Food Packaging........


(Junior) #1

Maybe someone will have a logical answer to this, I guess this highlights my touch of ocd. Why would a product sell something in 17oz or 1lbs & 1oz?

What is the practical logic behind this? (yes I keep a bottle of sriracha in my office and just noticed this)
Who can answer the 17oz riddle for me???


#2

There is a Chinese weight known as a jin or a catty, and it weighs 17 ounces.


(Junior) #3

See that! Thank you very much! lol


#4

there you go is right - learn something new every day.

Now it makes me wonder if the jin/catty or 17 oz is based on some numerology/superstition history. It is so close to the weight of a pound that is seems too coincidental that two cultures came up with the same measure independently (but of course that could be too). Or maybe the jin came first (what do I know). But curious indeed.


#5

I first got to know of the catty on a visit to Hong Kong. And to make things confusing, there’s the new catty and the old catty. I don’t remember which is which.


#6

a very quick wiki search seems like the jin/catty is tied to the metric system - so 1 jin = .5kg

so if that’s the case - this is 482 g . . . so not quite a jin

(who knew measurements were so interesting)

I wonder if was just a function of the bottle size, since those are weight measurements not volume measurements . . . .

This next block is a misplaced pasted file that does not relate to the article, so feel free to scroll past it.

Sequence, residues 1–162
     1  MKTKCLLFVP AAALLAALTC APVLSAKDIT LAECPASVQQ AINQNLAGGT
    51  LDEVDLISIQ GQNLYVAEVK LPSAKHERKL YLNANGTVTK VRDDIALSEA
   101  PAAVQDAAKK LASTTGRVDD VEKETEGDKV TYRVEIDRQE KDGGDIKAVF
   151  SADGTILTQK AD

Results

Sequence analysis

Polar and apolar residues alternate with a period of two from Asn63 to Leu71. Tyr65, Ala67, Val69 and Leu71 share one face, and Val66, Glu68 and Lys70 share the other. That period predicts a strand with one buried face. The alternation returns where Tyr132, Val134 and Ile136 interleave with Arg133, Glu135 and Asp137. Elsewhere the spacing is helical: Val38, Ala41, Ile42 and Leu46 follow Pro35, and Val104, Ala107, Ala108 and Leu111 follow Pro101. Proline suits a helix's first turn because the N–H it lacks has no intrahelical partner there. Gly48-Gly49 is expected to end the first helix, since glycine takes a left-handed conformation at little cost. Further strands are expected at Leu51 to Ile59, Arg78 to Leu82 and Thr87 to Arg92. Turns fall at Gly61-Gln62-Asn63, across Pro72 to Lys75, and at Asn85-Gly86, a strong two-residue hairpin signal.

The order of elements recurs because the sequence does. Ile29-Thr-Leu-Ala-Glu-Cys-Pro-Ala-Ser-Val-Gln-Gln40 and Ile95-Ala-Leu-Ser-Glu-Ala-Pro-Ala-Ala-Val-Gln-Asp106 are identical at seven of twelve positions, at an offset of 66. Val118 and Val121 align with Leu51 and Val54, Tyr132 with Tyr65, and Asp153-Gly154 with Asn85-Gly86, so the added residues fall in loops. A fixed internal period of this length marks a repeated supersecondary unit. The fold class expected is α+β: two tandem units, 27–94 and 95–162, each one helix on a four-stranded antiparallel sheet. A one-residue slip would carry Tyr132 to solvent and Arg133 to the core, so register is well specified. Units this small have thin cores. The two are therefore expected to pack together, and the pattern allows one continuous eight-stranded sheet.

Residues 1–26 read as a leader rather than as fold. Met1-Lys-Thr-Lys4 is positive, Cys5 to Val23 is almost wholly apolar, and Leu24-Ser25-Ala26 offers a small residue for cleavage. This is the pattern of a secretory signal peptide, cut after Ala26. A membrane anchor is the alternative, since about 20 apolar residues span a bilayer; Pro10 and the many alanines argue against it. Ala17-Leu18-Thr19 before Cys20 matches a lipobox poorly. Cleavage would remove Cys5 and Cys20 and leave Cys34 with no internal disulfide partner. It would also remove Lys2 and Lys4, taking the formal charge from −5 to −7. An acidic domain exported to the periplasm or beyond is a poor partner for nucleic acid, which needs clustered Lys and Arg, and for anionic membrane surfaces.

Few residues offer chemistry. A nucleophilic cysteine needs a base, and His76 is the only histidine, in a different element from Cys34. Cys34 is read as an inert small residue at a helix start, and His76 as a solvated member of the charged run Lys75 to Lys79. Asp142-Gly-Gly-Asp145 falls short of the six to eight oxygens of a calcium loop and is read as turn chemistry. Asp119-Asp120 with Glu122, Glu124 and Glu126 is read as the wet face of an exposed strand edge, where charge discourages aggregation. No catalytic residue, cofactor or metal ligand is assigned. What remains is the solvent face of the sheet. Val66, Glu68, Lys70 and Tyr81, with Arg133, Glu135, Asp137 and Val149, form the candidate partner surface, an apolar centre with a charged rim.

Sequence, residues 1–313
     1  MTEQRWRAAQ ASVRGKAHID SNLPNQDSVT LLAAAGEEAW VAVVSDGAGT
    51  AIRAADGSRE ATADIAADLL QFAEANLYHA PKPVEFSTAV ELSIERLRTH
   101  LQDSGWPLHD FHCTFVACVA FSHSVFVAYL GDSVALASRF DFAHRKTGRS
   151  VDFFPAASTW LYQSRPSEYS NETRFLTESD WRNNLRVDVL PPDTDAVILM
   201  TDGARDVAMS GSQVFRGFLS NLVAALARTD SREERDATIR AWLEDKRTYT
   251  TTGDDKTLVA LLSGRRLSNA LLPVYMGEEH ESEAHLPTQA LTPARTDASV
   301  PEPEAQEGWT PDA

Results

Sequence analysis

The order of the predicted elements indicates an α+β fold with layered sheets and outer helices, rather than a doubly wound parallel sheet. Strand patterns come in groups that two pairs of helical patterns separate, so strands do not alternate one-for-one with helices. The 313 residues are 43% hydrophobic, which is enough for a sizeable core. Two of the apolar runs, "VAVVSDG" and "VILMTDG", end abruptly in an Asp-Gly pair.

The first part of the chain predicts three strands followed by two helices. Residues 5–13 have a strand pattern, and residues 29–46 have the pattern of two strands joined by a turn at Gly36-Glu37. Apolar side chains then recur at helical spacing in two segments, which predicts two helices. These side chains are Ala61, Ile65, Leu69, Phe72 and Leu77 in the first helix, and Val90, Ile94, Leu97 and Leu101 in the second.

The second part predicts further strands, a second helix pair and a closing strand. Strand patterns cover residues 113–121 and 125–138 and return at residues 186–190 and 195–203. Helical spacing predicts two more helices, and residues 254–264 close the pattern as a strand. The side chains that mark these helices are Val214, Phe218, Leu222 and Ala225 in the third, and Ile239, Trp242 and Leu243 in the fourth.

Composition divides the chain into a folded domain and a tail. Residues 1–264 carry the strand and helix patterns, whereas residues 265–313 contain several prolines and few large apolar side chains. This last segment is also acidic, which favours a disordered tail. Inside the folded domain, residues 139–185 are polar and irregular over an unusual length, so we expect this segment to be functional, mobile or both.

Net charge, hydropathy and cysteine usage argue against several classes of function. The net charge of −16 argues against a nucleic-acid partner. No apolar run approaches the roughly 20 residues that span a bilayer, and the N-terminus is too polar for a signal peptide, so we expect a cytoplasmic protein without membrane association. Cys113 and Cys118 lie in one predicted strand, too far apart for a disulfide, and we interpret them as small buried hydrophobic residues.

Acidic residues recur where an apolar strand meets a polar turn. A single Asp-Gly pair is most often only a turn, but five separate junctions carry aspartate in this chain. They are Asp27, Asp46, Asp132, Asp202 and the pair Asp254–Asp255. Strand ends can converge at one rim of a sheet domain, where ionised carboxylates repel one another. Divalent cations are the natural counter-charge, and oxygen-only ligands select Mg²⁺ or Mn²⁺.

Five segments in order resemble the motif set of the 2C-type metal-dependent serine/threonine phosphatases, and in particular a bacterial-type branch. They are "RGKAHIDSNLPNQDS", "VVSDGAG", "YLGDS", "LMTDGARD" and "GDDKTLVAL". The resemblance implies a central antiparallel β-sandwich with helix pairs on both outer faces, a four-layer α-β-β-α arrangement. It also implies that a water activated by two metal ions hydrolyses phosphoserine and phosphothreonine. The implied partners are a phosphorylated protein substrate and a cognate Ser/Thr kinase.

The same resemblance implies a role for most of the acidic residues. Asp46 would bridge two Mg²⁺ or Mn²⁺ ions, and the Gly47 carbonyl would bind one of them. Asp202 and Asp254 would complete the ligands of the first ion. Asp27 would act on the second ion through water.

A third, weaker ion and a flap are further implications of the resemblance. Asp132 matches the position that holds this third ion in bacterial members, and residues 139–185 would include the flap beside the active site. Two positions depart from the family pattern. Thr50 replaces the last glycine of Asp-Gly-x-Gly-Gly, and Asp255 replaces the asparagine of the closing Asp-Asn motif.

(Junior) #7

Anyone can google, it takes an especially lazy person to ask here and let others do their googling for them!


#8

I think I’ll resolve the whole thing with a glass of gin.


(Junior) #9

How many jin’s of gin?


#10

60 times the quantity of vermouth.


#11

I have no idea what the jin/catty was originally based on (probably something much like the grain kernels, human thumbs, and beer barrels that gave rise to pre-metric European units of measurements :wink:) but I’d bet fairly serious money that the “jin” predates the “metric system” but numerous centuries if not a millennium or two, and that the metric equivalence of (“exactly”) “500 grams” is merely one of convenience.

But it is interesting. These days I generally assume that “odd” avoirdupois measurements are the result of metric packaging and in this case, would probably have conflated solid ounces with fluid ounces and assumed it was in fact a “500 ml” bottle (which is at least in the ballpark of 17 fl ounces), but of course I would’ve been wrong…:smile:


(Junior) #12

Last night I was pondering if somewhere in China there was a food blogger who was looking at some American product that had only 16jin/catty in it and wondered; “Why would someone sell a product that was just .1 jin/catty short of a full”. (no I wasn’t stoned)